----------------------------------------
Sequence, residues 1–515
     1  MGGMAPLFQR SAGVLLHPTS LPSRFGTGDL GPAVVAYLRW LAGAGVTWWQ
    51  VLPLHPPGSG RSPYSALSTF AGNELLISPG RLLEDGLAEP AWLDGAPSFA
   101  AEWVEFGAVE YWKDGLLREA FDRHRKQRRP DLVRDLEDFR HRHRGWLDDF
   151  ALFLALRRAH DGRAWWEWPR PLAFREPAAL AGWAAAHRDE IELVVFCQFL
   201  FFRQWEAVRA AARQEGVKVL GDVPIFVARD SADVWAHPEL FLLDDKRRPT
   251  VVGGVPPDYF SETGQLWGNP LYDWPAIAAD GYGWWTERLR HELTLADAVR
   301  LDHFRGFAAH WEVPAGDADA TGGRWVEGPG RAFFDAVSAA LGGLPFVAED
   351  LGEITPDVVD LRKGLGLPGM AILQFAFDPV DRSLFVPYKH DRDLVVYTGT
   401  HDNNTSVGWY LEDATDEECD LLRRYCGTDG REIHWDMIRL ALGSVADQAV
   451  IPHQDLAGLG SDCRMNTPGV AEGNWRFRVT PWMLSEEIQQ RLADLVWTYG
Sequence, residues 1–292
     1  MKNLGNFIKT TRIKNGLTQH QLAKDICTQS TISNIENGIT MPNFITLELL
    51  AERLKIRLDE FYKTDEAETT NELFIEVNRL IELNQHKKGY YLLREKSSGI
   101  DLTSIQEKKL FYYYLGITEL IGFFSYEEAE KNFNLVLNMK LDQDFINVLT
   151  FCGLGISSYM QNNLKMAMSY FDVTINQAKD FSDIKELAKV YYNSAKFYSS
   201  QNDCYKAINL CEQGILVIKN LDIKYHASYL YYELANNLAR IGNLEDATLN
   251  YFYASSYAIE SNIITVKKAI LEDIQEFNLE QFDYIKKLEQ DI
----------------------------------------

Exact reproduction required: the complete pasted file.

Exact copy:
Sequence, residues 1–515
     1  MGGMAPLFQR SAGVLLHPTS LPSRFGTGDL GPAVVAYLRW LAGAGVTWWQ
    51  VLPLHPPGSG RSPYSALSTF AGNELLISPG RLLEDGLAEP AWLDGAPSFA
   101  AEWVEFGAVE YWKDGLLREA FDRHRKQRRP DLVRDLEDFR HRHRGWLDDF
   151  ALFLALRRAH DGRAWWEWPR PLAFREPAAL AGWAAAHRDE IELVVFCQFL
   201  FFRQWEAVRA AARQEGVKVL GDVPIFVARD SADVWAHPEL FLLDDKRRPT
   251  VVGGVPPDYF SETGQLWGNP LYDWPAIAAD GYGWWTERLR HELTLADAVR
   301  LDHFRGFAAH WEVPAGDADA TGGRWVEGPG RAFFDAVSAA LGGLPFVAED
   351  LGEITPDVVD LRKGLGLPGM AILQFAFDPV DRSLFVPYKH DRDLVVYTGT
   401  HDNNTSVGWY LEDATDEECD LLRRYCGTDG REIHWDMIRL ALGSVADQAV
   451  IPHQDLAGLG SDCRMNTPGV AEGNWRFRVT PWMLSEEIQQ RLADLVWTYG
Sequence, residues 1–292
     1  MKNLGNFIKT TRIKNGLTQH QLAKDICTQS TISNIENGIT MPNFITLELL
    51  AERLKIRLDE FYKTDEAETT NELFIEVNRL IELNQHKKGY YLLREKSSGI
   101  DLTSIQEKKL FYYYLGITEL IGFFSYEEAE KNFNLVLNMK LDQDFINVLT
   151  FCGLGISSYM QNNLKMAMSY FDVTINQAKD FSDIKELAKV YYNSAKFYSS
   201  QNDCYKAINL CEQGILVIKN LDIKYHASYL YYELANNLAR IGNLEDATLN
   251  YFYASSYAIE SNIITVKKAI LEDIQEFNLE QFDYIKKLEQ DI